K. Mathiasen, Denmark

Telepsychiatric Centre Mental Health Services of Southern Denmark
Kim Mathiasen, PhD is presently employed as a research psychologist at the Centre for Telepsychiatry in the Mental Health Services of Southern Denmark and at the University of Southern Denmark. Since 2006, he has pioneered internet based cognitive behavioural therapy (iCBT) in Denmark. From 2012 he led the establishment of the first Danish large scale iCBT clinic Internetpsykiatrien at the Centre for Telepsychiatry, which now has national coverage free of charge for all Danish adults suffering from depression or anxiety disorders. He has contributed to several largescale EU projects and is part of the board for the European Society of Internet Interventions.

Presenter Of 2 Presentations

Symposium: Next Chapters in the Story of Internet-based CBT: Implementation, Personalisation and AI-driven Decision Support Tools (ID 131) No Topic Needed
Symposium: Next Chapters in the Story of Internet-based CBT: Implementation, Personalisation and AI-driven Decision Support Tools (ID 131) No Topic Needed

S0043 - Implementation and Effectiveness of a Nationwide iCBT Clinic in Denmark

Session Icon
Pre-Recorded with Live Q&A, Section
Date
Sun, 11.04.2021
Session Time
15:30 - 17:00
Room
Channel 7
Lecture Time
16:04 - 16:21

ABSTRACT

Abstract Body

In 2012, the Danish government introduced a national action plan for telemedicine comprising, amongst other initiatives, Internet-based Cognitive Behavioural Therapy (iCBT) for adult depression later also including anxiety. First introduced by Dr. Selmi in 1991 iCBT has since been researched extensively with positive results - even comparable to CBT delivered face-to-face. However, not much is known about the effectiveness once iCBT is implemented in routine care.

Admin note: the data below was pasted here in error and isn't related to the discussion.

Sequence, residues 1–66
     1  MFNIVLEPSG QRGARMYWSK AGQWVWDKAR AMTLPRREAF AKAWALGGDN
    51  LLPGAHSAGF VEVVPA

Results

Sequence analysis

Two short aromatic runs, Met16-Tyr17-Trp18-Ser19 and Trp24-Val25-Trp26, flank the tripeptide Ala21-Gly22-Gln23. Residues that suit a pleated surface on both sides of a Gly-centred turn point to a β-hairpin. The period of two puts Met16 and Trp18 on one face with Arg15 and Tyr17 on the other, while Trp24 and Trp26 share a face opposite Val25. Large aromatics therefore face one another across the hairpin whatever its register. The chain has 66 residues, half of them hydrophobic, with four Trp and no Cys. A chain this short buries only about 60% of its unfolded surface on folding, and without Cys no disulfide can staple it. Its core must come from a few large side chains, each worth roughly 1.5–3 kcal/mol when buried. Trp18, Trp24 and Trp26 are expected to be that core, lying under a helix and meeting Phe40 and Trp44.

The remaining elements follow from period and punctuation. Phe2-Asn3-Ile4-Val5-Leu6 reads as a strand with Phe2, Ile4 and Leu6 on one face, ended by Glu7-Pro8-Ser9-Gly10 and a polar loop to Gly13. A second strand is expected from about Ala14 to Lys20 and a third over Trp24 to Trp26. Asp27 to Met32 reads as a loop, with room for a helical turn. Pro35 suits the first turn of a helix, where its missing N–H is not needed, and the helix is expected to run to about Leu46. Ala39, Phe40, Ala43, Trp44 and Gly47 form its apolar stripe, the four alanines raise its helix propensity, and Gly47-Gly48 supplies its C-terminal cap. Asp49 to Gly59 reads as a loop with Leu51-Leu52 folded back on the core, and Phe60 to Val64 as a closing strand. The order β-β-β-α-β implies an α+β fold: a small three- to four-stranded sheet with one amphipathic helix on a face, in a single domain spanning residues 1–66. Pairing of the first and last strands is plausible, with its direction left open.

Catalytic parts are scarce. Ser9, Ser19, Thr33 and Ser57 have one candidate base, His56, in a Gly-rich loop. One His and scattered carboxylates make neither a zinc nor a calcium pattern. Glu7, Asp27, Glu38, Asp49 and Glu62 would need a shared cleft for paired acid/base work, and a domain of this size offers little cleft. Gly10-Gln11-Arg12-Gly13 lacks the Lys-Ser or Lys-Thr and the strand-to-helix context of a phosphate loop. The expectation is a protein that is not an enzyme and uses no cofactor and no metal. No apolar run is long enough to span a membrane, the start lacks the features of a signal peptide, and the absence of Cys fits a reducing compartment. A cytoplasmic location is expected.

During this presentation, the nationwide iCBT clinic Internetpsykiatrien.dk is described as well as the results from the first cohort of patients undergoing treatment.

A naturalistic cohort design was used including patients from April 1st, 2016 to April 1st, 2017. Primary outcomes were PHQ-9 for depressed patients and GAD-7 for anxious patients measured pre- and post-treatment. Primary analyses were conducted using a linear mixed effects model with random slope and intercept. Results were benchmarked to published effectiveness and efficacy trials of guided iCBT.

A total of N=203 patients were included in the analyses (depression n=60, anxiety n=143), mainly female (depression 78.3%, anxiety 65.7%) with a mean age of M=36.03 (SD 10.97) for the depressed patients and M=36.80 (SD 13.55) for the anxious. ´╗┐The primary analyses revealed large and significant reductions in the symptom levels of depression (beta=-6.27, SE 0.83, P<.001, d=1.0) and anxiety (beta=-3.78, SE 0.43, P<.001, d=1.1).

These results appear to support the hypothesis, that iCBT can be clinically effective even in a routine care setting. This finding is important as depression and anxiety are prevalent, costly and vastly undertreated disorders.

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